This is called professional awareness.
No one is omnipotent and your PhD didn’t come with robot superpowers (even if you felt like a cyborg at times).
Recognizing your strengths and weaknesses also allows you to work well in teams that capitalize on the unique strengths of its members.
During any industry job interview, you can count on being asked one question…
“What is your greatest weakness?”
Hiring managers will want to assess that you can authentically identify shortcomings but also identify ways to improve on these shortcomings.
Don’t say… “I am a perfectionist” or “I have no weaknesses.”
It makes you sound like you have no insight into yourself at all.
And it’s untrue — everyone has weaknesses.
Be honest with your self-assessment and show that you are a PhD who is keenly aware of all your current abilities, and aware of abilities you don’t have (yet).
3. The ability to let go of mistakes.
Experiments fail 90% of the time.
Maybe 99% of the time.
(This is data from my own personal meta-analysis.)
If, as a PhD, you wallowed in self-pity every time a mistake was made or an experiment went awry, you would never have graduated.
You would never have made it past day one of your postdoc either.
Instead, you learned from your mistakes.
You analysed the experiment to see if there is something to be learned and then moved on.
PhDs fail forward.
PhDs transitioning into research scientist positions will know that, in industry, you need to recognize when a project is no longer productive.
Decisions are made according to the corporate strategy, and projects will be scrapped if they do not fall in line.
You cannot dwell on what could have been.
You have to be able to compartmentalize and move on quickly.
You have to learn from your mistakes and then let it go, applying newfound knowledge to the next project.
Fortunately, you have already dealt with these hard truths for years and, as a result, know how to move forward despite them.
4. The ability to deal with constructive criticism.
In research, everyone questions your data.
You even question your own data.
You receive negative criticism from your supervisors, grant reviewers, academic journals, and even the random professor in the crowd at a public lecture.
You learn to respond to this criticism without being defensive, but by being grateful for the feedback that may in turn strengthen your conclusions.
You learn to openly debate complex scientific topics.
At the end of the day, you want to improve scientific knowledge and this is only done by thoughtful discussion and feedback from the scientific community.
You don’t have the luxury of being defensive or argumentative during your PhD.
This is a skill — a skill desperately needed in industry.
In industry, you will constantly receive feedback from the management team.
If you are in medical writing, for example, being thick-skinned is a must.
You will have to hand over a piece of work on which you have labored, only to have it covered in red ink by a senior writer.
No matter what position you’re hired into, you will go from respected scientist to trainee and will have to learn how to follow numerous standard operating procedures.
You need to take all feedback on board and use it to develop yourself professionally.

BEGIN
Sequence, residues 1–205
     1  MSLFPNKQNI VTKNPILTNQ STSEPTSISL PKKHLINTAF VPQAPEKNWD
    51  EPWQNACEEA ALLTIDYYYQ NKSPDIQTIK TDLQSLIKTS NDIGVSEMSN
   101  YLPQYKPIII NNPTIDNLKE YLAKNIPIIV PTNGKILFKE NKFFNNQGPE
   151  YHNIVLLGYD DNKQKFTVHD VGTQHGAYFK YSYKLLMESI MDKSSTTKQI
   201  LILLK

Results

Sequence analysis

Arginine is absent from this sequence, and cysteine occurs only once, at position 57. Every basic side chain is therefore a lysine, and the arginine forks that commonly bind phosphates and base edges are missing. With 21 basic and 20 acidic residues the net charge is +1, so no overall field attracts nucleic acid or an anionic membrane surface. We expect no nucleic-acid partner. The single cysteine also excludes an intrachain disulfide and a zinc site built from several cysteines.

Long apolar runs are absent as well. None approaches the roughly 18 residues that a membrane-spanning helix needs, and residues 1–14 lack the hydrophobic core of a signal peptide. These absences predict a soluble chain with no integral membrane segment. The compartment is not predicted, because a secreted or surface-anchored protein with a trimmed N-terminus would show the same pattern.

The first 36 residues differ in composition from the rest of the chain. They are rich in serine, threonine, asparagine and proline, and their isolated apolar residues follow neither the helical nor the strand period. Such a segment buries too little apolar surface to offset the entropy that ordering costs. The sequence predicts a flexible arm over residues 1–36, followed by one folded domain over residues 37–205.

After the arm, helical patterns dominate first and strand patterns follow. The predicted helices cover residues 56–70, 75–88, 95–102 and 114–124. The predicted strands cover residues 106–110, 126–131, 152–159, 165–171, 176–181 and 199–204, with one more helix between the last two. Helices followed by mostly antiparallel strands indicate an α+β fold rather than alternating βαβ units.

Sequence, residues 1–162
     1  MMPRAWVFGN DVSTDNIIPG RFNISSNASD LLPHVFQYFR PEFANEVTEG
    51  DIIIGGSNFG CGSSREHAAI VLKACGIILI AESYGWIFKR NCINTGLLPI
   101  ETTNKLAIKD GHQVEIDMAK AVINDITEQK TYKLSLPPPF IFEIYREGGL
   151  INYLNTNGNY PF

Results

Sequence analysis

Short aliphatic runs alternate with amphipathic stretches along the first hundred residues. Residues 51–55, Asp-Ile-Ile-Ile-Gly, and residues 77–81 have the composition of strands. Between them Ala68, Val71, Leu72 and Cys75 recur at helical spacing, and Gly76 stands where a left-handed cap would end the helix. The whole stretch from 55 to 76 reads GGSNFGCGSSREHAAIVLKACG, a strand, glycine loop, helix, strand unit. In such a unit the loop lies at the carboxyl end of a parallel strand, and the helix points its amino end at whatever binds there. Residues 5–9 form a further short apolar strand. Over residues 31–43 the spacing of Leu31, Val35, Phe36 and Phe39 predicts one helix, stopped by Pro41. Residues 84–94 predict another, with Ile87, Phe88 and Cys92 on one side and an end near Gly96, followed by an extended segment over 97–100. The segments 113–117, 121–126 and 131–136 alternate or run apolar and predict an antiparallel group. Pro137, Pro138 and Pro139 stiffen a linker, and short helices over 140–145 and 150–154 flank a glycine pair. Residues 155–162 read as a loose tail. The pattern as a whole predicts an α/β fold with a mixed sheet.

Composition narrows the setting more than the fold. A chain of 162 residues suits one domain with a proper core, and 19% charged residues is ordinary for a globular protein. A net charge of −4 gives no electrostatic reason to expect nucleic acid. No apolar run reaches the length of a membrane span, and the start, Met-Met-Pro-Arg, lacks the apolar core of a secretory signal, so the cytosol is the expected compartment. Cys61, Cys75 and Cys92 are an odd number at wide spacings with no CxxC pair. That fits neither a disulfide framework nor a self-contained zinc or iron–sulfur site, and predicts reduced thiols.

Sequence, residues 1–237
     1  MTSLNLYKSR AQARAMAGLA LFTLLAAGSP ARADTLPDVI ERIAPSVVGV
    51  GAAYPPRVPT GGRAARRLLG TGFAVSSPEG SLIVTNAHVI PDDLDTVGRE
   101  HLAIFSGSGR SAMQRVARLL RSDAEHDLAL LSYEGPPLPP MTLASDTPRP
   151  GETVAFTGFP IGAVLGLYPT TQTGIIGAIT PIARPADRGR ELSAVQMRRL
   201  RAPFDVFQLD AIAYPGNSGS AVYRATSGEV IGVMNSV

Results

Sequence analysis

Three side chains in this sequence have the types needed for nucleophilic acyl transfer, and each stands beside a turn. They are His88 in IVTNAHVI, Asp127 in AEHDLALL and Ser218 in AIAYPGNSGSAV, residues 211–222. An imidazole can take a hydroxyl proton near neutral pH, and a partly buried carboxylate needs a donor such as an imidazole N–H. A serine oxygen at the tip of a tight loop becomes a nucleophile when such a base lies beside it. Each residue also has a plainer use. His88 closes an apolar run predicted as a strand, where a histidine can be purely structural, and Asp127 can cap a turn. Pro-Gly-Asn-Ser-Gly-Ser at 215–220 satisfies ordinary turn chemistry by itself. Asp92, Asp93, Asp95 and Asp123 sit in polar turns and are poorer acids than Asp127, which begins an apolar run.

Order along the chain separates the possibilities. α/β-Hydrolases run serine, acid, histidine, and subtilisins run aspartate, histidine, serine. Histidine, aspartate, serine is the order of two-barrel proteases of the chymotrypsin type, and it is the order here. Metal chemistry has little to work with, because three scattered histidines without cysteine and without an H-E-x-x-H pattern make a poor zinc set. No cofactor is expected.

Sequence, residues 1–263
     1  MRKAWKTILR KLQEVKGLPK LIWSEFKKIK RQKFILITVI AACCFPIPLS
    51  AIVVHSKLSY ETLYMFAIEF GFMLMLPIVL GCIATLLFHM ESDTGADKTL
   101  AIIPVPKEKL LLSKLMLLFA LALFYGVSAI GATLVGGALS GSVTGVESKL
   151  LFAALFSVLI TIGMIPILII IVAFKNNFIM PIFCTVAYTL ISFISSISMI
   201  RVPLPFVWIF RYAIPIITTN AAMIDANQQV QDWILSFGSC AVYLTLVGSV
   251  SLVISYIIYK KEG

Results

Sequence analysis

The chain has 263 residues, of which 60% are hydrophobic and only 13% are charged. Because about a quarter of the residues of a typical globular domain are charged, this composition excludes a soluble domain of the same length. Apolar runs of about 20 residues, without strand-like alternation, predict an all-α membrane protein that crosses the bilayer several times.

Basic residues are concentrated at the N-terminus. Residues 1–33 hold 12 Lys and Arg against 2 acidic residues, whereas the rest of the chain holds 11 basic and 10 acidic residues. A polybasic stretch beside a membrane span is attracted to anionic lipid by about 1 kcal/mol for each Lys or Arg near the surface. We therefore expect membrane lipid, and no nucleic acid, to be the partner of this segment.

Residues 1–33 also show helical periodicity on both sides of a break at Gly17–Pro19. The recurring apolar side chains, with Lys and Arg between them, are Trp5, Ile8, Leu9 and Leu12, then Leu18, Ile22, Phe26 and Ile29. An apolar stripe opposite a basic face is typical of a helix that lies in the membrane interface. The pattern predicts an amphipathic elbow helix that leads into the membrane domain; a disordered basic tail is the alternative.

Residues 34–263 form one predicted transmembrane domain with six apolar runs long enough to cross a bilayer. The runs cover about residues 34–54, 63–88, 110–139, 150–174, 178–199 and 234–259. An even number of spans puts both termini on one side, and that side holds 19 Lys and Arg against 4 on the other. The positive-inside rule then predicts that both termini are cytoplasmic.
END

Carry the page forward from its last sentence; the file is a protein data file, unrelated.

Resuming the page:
Taking criticism with maturity and without over-personalizing it (skills you already have), makes you teachable and an easy addition to any industry team.
5. The ability to resolve conflict effectively.
Academia is often rife with conflict.
It can arise from your academic advisor, your colleagues, or your collaborators.
You have to find a way to work cohesively or risk prolonging (and simultaneously destroying) your academic career.
Conflicts come in many forms: ethical conflicts, conflicts over shared workspace, perceived workload, and more.
Dealing with negative people is often inherent to PhD programs and postdoctoral fellowships.
You had no choice but to find a peaceful resolution and not let these toxic people prevent you from moving forward.
In industry, it’s the same…
Conflicts will inevitably arise, both within teams and amongst management.
In business, just like in academia, there is high stress, high pressure, and high stakes.
As a project manager, for example, you must possess strong communication skills with the ability to motivate people in order to ensure all aims of the project are met on time and within budget.
If a conflict arises within the team you manage, you must be empathetic to all points of view and resolve the situation before it jeopardizes the delivery of the project.
Above all, you need to express the right emotions at the right times in order to resolve conflict, while keeping the big picture in mind.
Recognizing the emotional intelligence you developed during academia will help you get ahead in your job search. To recruiters and hiring managers, emotional intelligence is seen as more valuable than logical intelligence. Emotional intelligence gives you the ability to express yourself appropriately in high-pressure situations and gives you the know-how you need to effectively resolve conflict. Don’t underestimate these and other emotional intelligence skills that you have gained through your long, arduous journey through academia. These will be the key to your success in your job search and beyond.
If you’re ready to start your transition into industry, you can apply to book a free Transition Call with our founder Isaiah Hankel, PhD or one of our Transition Specialists. Apply to book a Transition Call here.
ABOUT CATHERINE SORBARA, PH.D.
Cathy has a PhD in Medical Life Science and Technology and is COO of the Cheeky Scientist Association. Cathy is passionate about science communication including translating science to lay audiences and helping PhDs transition into industry positions. She is Chair of Cambridge AWiSE, a regional network for women in science, engineering and technology. She has also been selected to take part in Homeward Bound 2018, an all-female voyage to Antarctica aimed to heighten the influence of women in leadership positions and bring awareness to climate change.More Written by Catherine Sorbara, Ph.D.